Supreme Court of Canada nixes Nuuchahnulth fisheries decision review

The Supreme Court of Canada won’t review a B.C. court ruling allowing members of five NCN nations to sell fish caught in their territories.

The Supreme Court of Canada says it won't review a landmark Nuuchahnulth fisheries ruling allowing members of five West Coast tribes the right to catch and sell fish in their territories.

The Supreme Court of Canada won’t review a landmark B.C. court ruling that recognizes members of five First Nations rights to make a living selling the fish they catch in their traditional territories.

The announcement was made on the court’s “Dismissed with Costs” judgements section of its website on Tuesday.

In May 2011, the three-member judges panel unanimously upheld the 2009 B.C. Supreme Court decision that recognized that the Nuu-chah-nulth “…have aboriginal rights to fish for any species of fish within their Fishing Territories … and to sell that fish”, the judgment noted.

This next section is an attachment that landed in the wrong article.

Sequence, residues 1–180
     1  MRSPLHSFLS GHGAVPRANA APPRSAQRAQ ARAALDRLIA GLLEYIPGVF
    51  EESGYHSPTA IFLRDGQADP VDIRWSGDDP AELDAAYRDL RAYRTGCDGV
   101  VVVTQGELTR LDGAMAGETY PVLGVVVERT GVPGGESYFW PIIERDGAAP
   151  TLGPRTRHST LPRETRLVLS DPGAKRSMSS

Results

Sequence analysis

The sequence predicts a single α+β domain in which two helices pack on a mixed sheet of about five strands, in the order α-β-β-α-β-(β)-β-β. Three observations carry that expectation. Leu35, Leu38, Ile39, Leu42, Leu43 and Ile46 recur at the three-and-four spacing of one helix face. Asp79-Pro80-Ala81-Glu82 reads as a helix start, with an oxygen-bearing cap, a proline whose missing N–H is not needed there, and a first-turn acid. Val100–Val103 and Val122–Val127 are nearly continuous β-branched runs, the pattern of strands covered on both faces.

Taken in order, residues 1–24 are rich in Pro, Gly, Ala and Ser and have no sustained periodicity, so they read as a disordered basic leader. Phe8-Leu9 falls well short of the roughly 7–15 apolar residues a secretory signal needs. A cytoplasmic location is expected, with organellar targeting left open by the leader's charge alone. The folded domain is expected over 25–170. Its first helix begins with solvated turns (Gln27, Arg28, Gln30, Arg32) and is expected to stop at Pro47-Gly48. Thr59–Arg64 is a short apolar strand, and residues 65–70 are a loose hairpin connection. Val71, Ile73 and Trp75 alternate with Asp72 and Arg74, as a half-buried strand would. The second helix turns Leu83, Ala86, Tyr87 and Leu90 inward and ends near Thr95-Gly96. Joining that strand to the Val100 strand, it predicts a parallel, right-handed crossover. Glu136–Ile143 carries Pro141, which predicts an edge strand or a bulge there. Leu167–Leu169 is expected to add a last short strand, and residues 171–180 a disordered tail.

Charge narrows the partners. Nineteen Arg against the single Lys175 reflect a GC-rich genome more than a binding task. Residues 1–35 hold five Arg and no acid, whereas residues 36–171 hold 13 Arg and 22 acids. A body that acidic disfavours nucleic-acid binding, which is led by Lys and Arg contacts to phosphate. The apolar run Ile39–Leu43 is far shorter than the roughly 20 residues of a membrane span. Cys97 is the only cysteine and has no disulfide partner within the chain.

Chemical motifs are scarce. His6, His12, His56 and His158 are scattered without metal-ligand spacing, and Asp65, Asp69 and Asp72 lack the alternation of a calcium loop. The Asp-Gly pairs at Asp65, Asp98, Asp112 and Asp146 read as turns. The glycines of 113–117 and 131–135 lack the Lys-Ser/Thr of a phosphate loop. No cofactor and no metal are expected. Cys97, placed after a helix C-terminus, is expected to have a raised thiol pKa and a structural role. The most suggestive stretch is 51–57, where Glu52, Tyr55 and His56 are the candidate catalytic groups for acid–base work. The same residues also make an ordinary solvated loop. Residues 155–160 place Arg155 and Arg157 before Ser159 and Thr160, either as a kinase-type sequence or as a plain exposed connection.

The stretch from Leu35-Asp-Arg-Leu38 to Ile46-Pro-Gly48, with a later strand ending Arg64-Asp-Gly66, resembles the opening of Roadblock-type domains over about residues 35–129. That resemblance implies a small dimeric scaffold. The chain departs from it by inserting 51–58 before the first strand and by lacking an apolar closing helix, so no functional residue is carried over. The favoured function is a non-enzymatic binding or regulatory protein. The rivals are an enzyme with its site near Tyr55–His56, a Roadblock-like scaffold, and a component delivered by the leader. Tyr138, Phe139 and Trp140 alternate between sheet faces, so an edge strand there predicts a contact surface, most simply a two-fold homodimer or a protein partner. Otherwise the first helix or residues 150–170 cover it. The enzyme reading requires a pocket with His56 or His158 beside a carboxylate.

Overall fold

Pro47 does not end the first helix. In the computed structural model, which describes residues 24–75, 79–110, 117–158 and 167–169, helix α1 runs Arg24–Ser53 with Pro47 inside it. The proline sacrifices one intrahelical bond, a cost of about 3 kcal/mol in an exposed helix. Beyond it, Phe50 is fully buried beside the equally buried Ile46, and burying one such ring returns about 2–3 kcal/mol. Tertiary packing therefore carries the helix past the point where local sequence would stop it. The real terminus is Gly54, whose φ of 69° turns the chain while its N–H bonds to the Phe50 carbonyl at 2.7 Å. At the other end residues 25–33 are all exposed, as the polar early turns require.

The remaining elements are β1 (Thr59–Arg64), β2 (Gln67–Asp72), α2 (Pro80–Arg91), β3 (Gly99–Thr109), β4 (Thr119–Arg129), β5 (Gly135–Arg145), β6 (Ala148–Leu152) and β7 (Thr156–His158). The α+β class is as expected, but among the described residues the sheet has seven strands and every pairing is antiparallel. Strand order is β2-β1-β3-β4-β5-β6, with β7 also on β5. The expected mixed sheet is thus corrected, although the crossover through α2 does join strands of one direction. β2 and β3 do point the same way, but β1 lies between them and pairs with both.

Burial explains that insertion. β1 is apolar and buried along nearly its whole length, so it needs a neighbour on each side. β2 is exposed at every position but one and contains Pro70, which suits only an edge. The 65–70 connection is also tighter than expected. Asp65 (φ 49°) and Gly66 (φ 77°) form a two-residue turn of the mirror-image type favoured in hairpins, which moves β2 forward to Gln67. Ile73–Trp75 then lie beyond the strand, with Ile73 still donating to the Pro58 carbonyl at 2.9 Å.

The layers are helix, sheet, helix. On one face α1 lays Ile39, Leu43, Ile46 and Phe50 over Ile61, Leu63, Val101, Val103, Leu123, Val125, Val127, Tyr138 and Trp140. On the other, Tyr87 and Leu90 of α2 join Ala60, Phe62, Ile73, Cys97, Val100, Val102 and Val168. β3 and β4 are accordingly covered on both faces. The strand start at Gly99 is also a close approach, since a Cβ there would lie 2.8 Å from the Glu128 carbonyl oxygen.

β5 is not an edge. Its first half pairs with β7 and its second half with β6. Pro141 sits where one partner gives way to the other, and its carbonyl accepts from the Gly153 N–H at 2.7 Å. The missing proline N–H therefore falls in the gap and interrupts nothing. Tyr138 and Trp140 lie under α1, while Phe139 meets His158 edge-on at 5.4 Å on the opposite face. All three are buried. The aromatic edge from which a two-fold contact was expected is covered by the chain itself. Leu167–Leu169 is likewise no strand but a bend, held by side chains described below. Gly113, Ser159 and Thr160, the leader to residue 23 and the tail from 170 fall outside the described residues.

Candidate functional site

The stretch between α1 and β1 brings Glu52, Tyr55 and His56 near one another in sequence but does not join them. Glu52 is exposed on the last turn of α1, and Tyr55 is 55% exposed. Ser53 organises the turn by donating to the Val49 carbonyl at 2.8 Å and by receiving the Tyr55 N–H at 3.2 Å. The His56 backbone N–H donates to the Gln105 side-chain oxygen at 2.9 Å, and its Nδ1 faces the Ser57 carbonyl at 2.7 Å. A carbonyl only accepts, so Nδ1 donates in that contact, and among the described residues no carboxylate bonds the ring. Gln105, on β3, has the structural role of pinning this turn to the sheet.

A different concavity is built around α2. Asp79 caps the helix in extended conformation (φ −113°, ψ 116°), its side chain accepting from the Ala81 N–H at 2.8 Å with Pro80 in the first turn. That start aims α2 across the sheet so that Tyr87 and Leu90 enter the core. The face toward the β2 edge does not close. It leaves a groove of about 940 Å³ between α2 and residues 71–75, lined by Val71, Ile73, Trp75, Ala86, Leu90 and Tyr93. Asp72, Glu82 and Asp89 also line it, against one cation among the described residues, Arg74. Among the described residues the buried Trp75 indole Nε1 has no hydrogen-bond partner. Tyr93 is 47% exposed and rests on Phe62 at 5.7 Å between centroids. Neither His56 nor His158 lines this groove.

The courts did not extend the aboriginal right to the modern geoduck fishery, which it called “high tech”.  “There can be no viable suggestion that the ancestors of the respondents could have participated in the commercial harvesting and trading of this particular marine resource at some time before contact…” the judgment showed.

The courts further decreed that the Nuu-chah-nulth and Department of Fisheries and Oceans Canada have one year to negotiate and agreement that conforms to the decision.

reporter@albernivalleynews.com

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